Friday, April 18, 2008

oh. my.

Well, there certainly are a lot more people around here lately. Thanks to Shaun and Jove and Casey, this blog has seen an increase in visitors every day this week, and thanks to Sitemeter, I can watch it happen. I'm gratified, but a little nervous. On the one hand, more visitors means more comments, and the commenting has been superb. If you're visiting for the first time, please visit the comments. There are some really interesting and thoughtful people who are engaging with the issues I'm raising, and raising new ones. You are all giving me a lot to think about. On the other hand, I can't imagine what ya'll are going to do when you find out that I mostly blog about knitting and keeping house.

Here's a question for all those who homeschool: Is it possible for you to imagine a school to which you would send your kids? I've been thinking a lot about this lately, and I'm cooking up a post about my vision for a school that would tempt me away from homeschooling.


Anonymous said...

Yeah, I noticed the "keeping house" category is pretty high over there. I just don't have time to look at them all right now!

You mean, you don't sit around all day thinking up deep thoughts for your blog?

Casey said...

Is it possible for you to imagine a school to which you would send your

After a friend of mine got seriously ill and had to send her kids to school I did give it some thought.

The Sudbury model sounds interesting to me, but I've only read about it and I'd have to see it firsthand for a while before making a decision. I don't think there are any Sudbury-type schools in my area.

I trained as a Montessori birth-6 teacher and like the method but I don't like the rigid way I sometimes saw it implemented. So much depends on the culture of the individual school. The right Montessori school could work, though I don't like the notion of draining the kids' college funds for primary school.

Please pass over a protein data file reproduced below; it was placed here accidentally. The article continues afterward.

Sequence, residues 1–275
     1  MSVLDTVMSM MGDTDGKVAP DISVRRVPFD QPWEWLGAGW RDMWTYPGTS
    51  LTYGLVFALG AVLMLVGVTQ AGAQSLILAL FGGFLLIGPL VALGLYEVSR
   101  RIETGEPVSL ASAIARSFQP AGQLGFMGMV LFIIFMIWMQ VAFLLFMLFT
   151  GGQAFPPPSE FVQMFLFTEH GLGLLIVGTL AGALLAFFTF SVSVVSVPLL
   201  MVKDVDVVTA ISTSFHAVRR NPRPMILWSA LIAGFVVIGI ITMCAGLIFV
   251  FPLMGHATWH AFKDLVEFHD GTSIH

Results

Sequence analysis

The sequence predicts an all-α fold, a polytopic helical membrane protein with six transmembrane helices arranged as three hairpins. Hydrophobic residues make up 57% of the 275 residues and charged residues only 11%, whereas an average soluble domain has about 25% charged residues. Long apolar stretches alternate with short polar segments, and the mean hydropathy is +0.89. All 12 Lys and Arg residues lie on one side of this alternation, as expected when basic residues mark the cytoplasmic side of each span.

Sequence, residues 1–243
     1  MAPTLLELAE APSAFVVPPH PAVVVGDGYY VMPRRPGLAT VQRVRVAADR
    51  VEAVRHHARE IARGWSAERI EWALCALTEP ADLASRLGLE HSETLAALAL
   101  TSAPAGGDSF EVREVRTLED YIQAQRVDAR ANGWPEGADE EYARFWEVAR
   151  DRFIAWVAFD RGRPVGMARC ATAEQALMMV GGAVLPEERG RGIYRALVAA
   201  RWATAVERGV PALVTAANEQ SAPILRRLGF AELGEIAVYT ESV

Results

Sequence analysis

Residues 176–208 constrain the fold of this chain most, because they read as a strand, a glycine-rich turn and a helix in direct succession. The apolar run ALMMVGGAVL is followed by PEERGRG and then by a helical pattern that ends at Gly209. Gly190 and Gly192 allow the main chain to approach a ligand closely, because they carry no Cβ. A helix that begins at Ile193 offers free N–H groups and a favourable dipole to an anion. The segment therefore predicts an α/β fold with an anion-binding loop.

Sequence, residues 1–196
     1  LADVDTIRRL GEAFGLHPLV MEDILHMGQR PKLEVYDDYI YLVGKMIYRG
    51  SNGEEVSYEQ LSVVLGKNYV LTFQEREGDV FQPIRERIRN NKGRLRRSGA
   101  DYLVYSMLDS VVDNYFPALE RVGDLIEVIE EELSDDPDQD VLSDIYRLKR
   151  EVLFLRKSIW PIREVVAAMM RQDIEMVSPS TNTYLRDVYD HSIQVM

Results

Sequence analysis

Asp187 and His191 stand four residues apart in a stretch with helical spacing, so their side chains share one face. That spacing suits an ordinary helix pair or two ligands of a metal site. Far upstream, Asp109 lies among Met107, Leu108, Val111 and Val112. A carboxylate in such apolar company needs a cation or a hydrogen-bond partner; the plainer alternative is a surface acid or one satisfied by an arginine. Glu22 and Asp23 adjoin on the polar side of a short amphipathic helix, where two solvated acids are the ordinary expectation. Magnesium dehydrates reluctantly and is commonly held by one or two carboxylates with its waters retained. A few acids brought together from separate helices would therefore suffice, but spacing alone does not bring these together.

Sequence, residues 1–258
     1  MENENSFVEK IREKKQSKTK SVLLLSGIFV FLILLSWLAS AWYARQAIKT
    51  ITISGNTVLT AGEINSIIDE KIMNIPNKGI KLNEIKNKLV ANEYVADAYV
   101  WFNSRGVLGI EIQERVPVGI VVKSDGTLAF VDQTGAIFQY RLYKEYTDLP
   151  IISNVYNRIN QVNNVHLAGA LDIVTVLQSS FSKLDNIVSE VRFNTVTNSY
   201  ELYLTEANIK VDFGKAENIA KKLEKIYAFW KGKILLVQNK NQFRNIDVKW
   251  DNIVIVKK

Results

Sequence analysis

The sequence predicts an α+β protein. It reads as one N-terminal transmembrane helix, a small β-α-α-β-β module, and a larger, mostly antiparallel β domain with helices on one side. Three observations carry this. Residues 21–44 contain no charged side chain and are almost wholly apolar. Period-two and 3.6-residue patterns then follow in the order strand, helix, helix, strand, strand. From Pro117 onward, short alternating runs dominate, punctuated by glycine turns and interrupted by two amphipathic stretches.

Does cloning yourself, your daily life, all your kids' homeschooling friends and their regular schedule count as school?

Ipo said...

a resource community essentially - a safe nurturing place that families are welcome and see what organically grows from that.

i'm excited to see what others say...

Anonymous said...

The question makes no sense to me. I only started homeschooling when school wasn't working. So I would only send her to school if homeschooling wasn't working or wasn't likely to work. And when I say "school wasn't working", I don't mean that it wasn't giving her the best possible education, but rather that it was making her very unhappy.

So my bar is not "what model gives the best possible education for my child" but of the options available, what is going to be the best for her. I can't really make decisions based on working out the ideal and then looking at all the available options to see whether they match it. Too frustrating.

Also, I think part of the problem was the specific teacher, who wasn't creative and interested in teaching the actual kids in front of her. She was too into the curriculum. Any school can be good with a good teacher. And a good school can be awful if your kid's teacher just doesn't work for her.

Anonymous said...

Oh, and I don't mind the blogging about knitting. I started out as a knitblogger (as my blog title probably indicated to you). I worry the same thing about the knitters who visit (or used to visit) my blog.

Housekeeping is not my thing (I've noticed the kitchen floor is sticky but I might not do anything about it, for example) but if that's what you want to blog about, it's fine with me :-)